Information on the presence and distribution of Aedes mosquitoes in sub-Saharan Africa is even more difficult to find than information on the pathogens discussed above. This lack of entomological data forces recourse to suitability maps, which are based on mathematical models, to estimate arbovirus transmission risk . However, measures of real Aedes spp. infestation levels would give more reliable insights for both risk and mitigation strategies . Both Aedes aegypti and Aedes albopictus are found in sub-Saharan Africa; Ae. aegypti is native to the region, whereas Ae. albopictus was introduced from Southeast Asia  in early 2000 , and specifically into Kinshasa (DRC) in 2018 . Both species have been detected in domestic environments , such as in Kinshasa, a megacity with a high population density and movement of people, but precise larval indices for Aedes remain unknown. Without knowing the main locations of Aedes larval habitats or the types of containers in which Aedes become adults, it is impossible to define effective larval source management strategies for Kinshasa.
In this study, we evaluate larval indices of Aedes spp. together with the characteristics of their preferred larval habitats, to help produce evidence-based guidance for Aedes control efforts and to provide insight into the potential for the local mosquito population to transmit arboviruses in Kinshasa, the capital of DRC.
The surveys took place in Kinshasa, the capital city of DRC, which is located in Central Africa. Kinshasa lies at 279 m above sea level and is characterized by a tropical climate with a rainy season between October and May, and a dry season from June to September. The average temperature varies between 18 and 32 °C, and the average monthly rainfall varies between 2 and 222 mm, in the dry and rainy seasons, respectively. Kinshasa covers an area of 9965 km2 and has an estimated population of almost 12 million people. The city is administratively subdivided into 24 communes, which are grouped into four districts: Tshangu in the east, Lukunga in the north, Mont Amba in the southeast and Funa in the center west. In this study, four communes were purposively selected to capture diverse ecological, urbanization, and epidemiological conditions (i.e. history of arbovirus outbreaks) and water supply systems (Fig. 1).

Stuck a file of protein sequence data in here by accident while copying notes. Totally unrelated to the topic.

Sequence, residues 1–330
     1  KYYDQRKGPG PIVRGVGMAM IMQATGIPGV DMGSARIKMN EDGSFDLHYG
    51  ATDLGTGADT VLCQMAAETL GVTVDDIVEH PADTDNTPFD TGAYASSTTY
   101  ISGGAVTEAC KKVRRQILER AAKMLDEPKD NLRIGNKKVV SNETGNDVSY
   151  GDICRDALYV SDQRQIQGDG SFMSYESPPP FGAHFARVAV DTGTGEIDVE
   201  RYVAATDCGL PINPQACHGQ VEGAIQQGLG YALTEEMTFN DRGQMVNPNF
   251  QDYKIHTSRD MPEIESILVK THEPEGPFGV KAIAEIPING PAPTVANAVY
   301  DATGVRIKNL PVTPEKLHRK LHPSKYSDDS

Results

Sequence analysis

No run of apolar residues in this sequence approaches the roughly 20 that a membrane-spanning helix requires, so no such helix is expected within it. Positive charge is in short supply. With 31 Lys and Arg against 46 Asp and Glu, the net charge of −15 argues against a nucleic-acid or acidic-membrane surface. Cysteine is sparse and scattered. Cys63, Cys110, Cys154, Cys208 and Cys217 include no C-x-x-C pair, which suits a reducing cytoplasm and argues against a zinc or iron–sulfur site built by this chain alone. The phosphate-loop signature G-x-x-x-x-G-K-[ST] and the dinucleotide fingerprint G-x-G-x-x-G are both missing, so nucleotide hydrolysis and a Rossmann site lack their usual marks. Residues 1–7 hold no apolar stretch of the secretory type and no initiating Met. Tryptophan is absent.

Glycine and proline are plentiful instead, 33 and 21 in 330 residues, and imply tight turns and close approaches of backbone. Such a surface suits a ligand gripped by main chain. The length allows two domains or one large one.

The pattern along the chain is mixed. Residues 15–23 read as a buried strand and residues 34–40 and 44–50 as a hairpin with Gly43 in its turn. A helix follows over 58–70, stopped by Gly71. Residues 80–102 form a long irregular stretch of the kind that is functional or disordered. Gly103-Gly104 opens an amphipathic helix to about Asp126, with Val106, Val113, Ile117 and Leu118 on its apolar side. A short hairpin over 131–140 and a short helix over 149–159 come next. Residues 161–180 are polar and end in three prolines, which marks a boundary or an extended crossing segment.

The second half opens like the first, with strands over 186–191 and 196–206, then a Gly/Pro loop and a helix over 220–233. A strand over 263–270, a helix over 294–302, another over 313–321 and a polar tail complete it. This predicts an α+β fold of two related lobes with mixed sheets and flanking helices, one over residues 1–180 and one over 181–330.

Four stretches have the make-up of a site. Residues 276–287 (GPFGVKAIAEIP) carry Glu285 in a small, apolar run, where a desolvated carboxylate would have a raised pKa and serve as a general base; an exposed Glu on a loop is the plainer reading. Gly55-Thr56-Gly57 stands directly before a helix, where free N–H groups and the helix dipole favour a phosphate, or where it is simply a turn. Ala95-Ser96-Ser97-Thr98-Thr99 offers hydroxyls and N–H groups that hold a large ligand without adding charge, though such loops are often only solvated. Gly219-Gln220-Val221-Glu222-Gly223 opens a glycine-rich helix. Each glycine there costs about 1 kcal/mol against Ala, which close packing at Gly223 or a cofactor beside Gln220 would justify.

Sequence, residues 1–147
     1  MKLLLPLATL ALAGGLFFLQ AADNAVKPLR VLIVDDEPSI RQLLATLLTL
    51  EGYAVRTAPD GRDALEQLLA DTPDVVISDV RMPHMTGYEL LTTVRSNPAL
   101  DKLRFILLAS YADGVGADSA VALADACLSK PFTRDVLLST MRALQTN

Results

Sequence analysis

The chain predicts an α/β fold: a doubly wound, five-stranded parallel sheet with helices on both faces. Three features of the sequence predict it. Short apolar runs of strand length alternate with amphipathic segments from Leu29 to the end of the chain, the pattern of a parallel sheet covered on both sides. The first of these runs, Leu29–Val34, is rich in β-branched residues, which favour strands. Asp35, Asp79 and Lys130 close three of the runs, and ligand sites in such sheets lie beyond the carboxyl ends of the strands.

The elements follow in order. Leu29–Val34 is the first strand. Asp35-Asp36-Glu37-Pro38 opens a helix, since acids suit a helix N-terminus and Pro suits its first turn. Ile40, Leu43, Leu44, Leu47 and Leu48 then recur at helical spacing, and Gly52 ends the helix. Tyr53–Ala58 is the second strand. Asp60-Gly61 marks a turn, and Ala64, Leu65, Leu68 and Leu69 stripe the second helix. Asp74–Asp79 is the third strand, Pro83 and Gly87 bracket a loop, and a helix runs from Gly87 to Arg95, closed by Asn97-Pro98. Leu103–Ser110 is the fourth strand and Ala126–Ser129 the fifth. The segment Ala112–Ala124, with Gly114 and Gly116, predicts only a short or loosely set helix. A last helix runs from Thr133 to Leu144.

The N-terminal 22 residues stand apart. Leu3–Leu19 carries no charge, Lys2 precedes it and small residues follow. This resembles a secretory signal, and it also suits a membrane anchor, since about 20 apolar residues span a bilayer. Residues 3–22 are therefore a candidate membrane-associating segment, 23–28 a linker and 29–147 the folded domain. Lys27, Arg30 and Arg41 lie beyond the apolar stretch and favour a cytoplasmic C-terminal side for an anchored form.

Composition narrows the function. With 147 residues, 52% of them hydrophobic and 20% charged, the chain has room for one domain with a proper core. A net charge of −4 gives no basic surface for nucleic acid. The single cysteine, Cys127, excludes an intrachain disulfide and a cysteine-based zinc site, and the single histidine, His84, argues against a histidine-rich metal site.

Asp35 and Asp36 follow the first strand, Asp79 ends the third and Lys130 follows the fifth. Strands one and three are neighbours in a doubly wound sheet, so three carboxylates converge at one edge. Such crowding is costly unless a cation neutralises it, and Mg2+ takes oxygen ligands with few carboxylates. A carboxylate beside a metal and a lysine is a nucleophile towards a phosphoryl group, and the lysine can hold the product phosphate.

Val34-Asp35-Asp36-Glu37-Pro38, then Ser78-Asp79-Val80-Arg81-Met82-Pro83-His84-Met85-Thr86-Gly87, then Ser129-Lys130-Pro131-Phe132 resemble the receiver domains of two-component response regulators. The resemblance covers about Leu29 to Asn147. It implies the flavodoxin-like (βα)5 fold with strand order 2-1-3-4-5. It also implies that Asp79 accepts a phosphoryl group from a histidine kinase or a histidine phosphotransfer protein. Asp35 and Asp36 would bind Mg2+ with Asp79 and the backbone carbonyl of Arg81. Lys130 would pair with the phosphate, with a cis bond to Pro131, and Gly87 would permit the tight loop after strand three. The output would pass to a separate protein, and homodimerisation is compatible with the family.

N’Djili is a peri-urban commune in the east of the city, within Tshangu district, where many informal economic activities, specifically vehicle repair shops, are located. Urban infrastructure and services, such as waste water infrastructure and garbage collection, are deficient. Almost all (97%) of the houses have a water supply system in their compound, but quality, volume and availability of water are problematic for a high number of them. The population density of this area is estimated at 39,000 people/km2.
Kalamu II is a commune in the center of town, within Funa district, and is mainly residential. The main economic activity is technical service provision. It has an estimated population density of 47,000 people/km2.
Mont Ngafula I is situated in the south of the city, bordering Mont Amba district, and is a typical semi-urban area with an estimated population density of 730 people/km2. It is geographically characterized by hills (and erosion) and small valleys. The main economic activity is agriculture and the selling of agricultural products in Kinshasa city. Mont Ngafula I is emblematic of unplanned urbanization, as it has a deficient water supply system in terms of both the rate of supply (i.e. as low as two times per week) and waste water disposal.
Lingwala is a commune in the center of the city, within Lukunga district, and has a large number of informal street markets. It is a more urbanized area than the others, and has a fairly good water supply. The population density is estimated at 33,000 people/km2.
Study design and data collection
Two cross-sectional surveys were undertaken, one in the rainy season (18 January–16 February 2018) and one in the dry season (2–27 July 2018). To identify 10% of the houses that were positive for Aedes spp. mosquitoes at 80% power, 3% precision and allowing for a 5% α-error, 400 houses needed to be surveyed in each survey site. In each of the four selected communes, one neighborhood was randomly chosen (all the neighborhoods per commune were listed, followed by a random number selection procedure) as the study site. Each day, 80 houses were inspected following a systematic sampling approach: random points were identified on a landmark (a roundabout or a main road) by each team as their starting point from which to enter (smaller) streets. With a sampling interval of three houses, starting on the right side of a street, each of the four teams inspected the selected houses up to a maximum of 20 houses/day. If the quota of 20 houses had not been met when the street came to an end, the team turned back and inspected the houses on the other side of the street in the same manner until the sample quota had been reached. Each selected house was inspected inside and outside. If there was more than one house per compound, a random house was chosen for inspection, but the entire outside area of the compound was inspected. The next day, the next street (going left from the street sampled on the previous day) was sampled. By following this procedure, representative sampling was achieved. When the inspection of one commune had been completed, the four entomological teams went to another commune and followed the same methodology. The inspection of all the communes was achieved within a period of 4 weeks. Each entomological survey team consisted of three people: one person previously trained by the entomology department of the Institut National de Recherche Biomédicale (INRB), one entomologist from the INRB (the supervisor), and one community health worker.